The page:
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Crime, Entrepreneurship, And Labor Force Withdrawal




This article explores the links between self-admitted drug dealing and labor force behavior to determine if and/or how returns to employment influence the decisions by both blacks and whites to enter drug dealing. Using data collected on inmates in prisons and jails in California, Michigan, and Texas, this analysis concludes that black and white offenders vastly differ in their perceptions of criminal opportunities. But the dominant factor contributing to entry into drug selling, especially among black males, is unattractive market opportunities. One cannot determine unambiguously whether this results from the lure of drug dealing for its entrepreneurial attractiveness or simply results from crime versus employment choices. In any case, evidence presented clearly shows that racial differences in returns to employment explain most of the gap between black and white drug dealing. Copyright 1992 Western Economic Association International.

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  • Samuel L. Myers, 1992. "Crime, Entrepreneurship, And Labor Force Withdrawal," Contemporary Economic Policy, Western Economic Association International, vol. 10(2), pages 84-97, April.
  • Handle: RePEc:bla:coecpo:v:10:y:1992:i:2:p:84-97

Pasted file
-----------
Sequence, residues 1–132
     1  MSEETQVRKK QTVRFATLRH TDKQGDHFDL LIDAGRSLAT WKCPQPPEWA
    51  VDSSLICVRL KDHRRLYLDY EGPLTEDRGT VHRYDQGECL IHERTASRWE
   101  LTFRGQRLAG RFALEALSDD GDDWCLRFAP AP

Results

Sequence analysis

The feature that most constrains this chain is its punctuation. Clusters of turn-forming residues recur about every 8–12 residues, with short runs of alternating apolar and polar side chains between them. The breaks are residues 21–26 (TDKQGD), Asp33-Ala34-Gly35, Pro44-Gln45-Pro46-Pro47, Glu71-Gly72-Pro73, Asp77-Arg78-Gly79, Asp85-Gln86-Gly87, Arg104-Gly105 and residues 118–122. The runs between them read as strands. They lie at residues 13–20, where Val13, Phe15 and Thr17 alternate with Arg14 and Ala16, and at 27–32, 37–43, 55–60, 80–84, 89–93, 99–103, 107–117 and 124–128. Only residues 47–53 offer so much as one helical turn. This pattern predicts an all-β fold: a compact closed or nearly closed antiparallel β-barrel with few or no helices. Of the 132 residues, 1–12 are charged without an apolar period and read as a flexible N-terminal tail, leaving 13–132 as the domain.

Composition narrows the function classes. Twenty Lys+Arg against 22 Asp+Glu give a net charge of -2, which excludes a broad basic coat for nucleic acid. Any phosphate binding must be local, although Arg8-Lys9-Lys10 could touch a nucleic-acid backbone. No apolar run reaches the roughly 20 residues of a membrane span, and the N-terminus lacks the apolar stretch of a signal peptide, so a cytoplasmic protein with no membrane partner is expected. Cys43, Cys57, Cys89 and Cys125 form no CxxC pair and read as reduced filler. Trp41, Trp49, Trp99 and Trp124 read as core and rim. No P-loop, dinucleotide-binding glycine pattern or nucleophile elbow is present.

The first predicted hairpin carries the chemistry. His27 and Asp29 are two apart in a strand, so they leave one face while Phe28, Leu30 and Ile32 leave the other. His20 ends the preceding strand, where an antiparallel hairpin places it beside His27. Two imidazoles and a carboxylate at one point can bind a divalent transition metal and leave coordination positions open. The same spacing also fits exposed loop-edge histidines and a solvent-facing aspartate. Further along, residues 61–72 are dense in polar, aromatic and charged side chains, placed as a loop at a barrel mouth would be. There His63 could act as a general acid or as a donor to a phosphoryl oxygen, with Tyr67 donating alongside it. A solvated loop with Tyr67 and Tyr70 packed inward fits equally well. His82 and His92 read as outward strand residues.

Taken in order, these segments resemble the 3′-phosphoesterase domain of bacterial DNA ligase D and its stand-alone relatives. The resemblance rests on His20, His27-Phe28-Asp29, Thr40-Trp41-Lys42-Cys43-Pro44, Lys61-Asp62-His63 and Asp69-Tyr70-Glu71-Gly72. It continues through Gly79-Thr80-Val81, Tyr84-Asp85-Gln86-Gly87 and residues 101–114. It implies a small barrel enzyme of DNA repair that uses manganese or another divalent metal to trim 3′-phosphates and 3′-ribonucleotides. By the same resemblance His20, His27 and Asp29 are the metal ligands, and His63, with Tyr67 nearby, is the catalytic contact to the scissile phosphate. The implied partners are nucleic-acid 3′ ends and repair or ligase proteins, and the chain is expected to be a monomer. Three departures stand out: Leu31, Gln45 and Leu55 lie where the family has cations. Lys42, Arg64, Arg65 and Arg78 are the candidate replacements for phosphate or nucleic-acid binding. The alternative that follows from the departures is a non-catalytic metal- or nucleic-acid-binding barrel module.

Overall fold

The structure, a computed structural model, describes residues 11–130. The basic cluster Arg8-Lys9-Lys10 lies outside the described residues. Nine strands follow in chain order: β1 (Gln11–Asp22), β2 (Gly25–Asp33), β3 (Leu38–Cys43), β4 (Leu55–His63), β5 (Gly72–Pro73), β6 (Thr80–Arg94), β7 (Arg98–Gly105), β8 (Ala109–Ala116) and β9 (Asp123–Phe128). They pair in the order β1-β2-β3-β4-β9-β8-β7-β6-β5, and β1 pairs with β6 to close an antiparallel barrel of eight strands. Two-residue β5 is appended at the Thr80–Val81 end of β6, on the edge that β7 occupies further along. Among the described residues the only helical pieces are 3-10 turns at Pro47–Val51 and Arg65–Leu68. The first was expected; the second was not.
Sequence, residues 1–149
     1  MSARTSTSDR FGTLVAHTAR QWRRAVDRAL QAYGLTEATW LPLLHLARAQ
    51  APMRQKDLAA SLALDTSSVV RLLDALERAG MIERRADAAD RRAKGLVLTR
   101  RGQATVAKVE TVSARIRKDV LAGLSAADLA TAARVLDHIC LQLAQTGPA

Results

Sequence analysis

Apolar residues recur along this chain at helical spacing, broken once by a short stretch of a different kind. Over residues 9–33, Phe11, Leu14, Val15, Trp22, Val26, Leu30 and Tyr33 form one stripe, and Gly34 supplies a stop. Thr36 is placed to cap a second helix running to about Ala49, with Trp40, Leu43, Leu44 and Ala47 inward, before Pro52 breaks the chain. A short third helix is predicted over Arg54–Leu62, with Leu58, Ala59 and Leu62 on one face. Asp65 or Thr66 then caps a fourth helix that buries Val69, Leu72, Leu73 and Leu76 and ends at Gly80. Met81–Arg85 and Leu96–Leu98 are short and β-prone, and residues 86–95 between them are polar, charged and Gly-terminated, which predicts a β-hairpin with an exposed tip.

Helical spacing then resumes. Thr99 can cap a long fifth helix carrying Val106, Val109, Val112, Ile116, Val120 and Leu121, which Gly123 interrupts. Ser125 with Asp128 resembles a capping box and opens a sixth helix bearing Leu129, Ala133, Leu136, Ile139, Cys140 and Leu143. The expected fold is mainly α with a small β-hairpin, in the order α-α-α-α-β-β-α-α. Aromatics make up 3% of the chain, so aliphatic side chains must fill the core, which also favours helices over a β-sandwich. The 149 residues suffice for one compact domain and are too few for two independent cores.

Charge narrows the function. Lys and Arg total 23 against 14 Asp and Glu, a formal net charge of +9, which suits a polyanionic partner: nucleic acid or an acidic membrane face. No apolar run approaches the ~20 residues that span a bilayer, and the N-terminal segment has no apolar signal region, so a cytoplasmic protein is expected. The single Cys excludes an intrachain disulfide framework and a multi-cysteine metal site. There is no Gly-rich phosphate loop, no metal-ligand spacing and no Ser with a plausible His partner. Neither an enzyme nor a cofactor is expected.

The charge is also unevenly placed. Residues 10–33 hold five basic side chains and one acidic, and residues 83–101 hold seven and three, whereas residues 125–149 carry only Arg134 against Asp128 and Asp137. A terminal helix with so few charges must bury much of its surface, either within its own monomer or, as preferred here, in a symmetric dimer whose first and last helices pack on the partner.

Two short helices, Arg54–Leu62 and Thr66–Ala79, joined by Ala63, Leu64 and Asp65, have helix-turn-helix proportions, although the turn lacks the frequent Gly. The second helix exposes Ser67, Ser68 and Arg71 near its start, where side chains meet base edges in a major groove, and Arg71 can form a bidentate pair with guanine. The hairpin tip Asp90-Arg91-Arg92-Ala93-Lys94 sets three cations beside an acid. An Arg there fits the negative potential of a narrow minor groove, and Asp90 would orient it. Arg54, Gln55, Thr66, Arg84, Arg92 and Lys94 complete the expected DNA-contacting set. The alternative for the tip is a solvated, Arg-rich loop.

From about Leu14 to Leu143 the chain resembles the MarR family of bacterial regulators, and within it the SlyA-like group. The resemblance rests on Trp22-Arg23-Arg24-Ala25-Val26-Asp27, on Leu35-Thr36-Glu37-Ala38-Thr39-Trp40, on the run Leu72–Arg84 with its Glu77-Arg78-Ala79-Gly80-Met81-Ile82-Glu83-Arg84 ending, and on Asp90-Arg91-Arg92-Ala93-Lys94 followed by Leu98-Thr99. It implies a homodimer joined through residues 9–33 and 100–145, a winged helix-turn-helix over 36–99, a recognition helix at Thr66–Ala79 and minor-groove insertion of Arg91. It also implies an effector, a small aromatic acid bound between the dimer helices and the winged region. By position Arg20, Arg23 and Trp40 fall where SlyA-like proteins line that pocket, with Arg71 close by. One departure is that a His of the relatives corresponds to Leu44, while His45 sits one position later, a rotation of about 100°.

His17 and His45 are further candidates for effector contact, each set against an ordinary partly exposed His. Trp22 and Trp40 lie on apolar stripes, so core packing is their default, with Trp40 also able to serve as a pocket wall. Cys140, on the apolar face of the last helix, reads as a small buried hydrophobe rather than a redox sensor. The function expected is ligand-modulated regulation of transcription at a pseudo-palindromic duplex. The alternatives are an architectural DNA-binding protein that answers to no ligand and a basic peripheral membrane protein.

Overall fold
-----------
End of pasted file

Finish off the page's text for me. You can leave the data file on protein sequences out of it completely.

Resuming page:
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    References listed on IDEAS

    1. Samuel L. Myers, 1983. "Estimating the Economic Model of Crime: Employment Versus Punishment Effects," The Quarterly Journal of Economics, Oxford University Press, vol. 98(1), pages 157-166.
    2. Ann Dryden Witte, 1980. "Estimating the Economic Model of Crime With Individual Data," The Quarterly Journal of Economics, Oxford University Press, vol. 94(1), pages 57-84.
    3. Helen V. Tauchen & Ann Dryden Witte & Harriet Griesinger, 1988. "Deterrence, Work and Crime: Revisiting the Issues with Birth Cohort Data," NBER Working Papers 2508, National Bureau of Economic Research, Inc.
    4. Block, M K & Heineke, J M, 1975. "A Labor Theoretic Analysis of the Criminal Choice," American Economic Review, American Economic Association, vol. 65(3), pages 314-325, June.
    5. Samuel Myers, 1978. "The economics of crime in the urban ghetto," The Review of Black Political Economy, Springer;National Economic Association, vol. 9(1), pages 43-59, September.
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    Cited by:

    1. Kenneth Avio, 1998. "The Economics of Prisons," European Journal of Law and Economics, Springer, vol. 6(2), pages 143-175, September.
    2. Samuel L. Myers & Chanjin Chung, 1998. "Criminal Perceptions And Violent Criminal Victimization," Contemporary Economic Policy, Western Economic Association International, vol. 16(3), pages 321-333, July.

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